Five Knoxville companies –The Tomato Head, Management Solutions LLC, Design Innovation Architects Inc., Visionary Solutions LLC and AMS Corp. – are among 100 companies nationwide selected for this year’s awards. Only one other Tennessee company made the list.

29. Fashion Forward -

Memphis Fashion Week is celebrating its emergence as a full-fledged event.

For the past three years it has been known as Memphis Fashion Weekend, but a new branding effort through inferno LLC has produced a stable logo and a stable vision.

30. Health Care Revitalization -

Health care is always in the news: advances in health care technology, groundbreaking research, and health care disparities are just a few. Yet there’s one story we rarely hear: the role of hospital or medical center related health care foundations.

31. Tennessee Opposes Sysco-US Foods Merger -

The state of Tennessee has joined nine other states and the Federal Trade Commission in opposing the proposed merger of Sysco and US Foods.

Tennessee Attorney General Herbert Slatery, in announcing the state’s participation in seeking a temporary restraining order and preliminary injunction barring the merger, specifically cited the impact of the merger in Memphis.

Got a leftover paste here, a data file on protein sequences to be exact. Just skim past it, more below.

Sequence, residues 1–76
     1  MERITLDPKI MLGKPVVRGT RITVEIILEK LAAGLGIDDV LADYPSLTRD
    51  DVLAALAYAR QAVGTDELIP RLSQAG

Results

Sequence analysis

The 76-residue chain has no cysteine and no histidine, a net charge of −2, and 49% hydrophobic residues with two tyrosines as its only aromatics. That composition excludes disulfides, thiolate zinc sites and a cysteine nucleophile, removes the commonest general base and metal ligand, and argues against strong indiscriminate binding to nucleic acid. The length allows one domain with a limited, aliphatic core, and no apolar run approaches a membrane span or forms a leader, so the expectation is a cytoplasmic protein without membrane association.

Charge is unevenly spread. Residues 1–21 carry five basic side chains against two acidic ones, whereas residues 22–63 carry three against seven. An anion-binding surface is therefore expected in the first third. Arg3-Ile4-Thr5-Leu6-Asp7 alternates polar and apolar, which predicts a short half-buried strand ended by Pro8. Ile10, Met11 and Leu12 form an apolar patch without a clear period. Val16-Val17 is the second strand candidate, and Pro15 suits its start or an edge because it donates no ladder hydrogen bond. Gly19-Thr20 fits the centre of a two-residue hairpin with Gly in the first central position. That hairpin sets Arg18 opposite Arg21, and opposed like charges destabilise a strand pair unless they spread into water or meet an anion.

32. Lady Vols Seem to Be Slipping Off National Stage -

KNOXVILLE – There is a bronze statue of legendary Tennessee women’s basketball coach Pat Summitt standing proudly across the street from Thompson-Boling Arena.

Summitt’s arms are crossed and she has a smile on her face. Thousands of Lady Vols fans have walked past the Summitt statue since it was unveiled Nov. 22, 2013.

33. Baseball Heaven Found in Phoenix -

For baseball fans, one of the greatest days is when pitchers and catchers report for spring training.

After a long, cold winter, fans know spring training signifies the start of a new season, not to mention warmer weather is finally near.

34. Tennessee Opposes Merger Between Sysco, US Foods -

The state of Tennessee has joined nine other states and the Federal Trade Commission in opposing the proposed merger of Sysco and US Foods.

Tennessee Attorney General Herbert Slatery, in announcing the state’s participation in seeking a temporary restraining order and preliminary injunction barring the merger, specifically cited the impact of the merger in Memphis.

35. Crosstown Crossroads -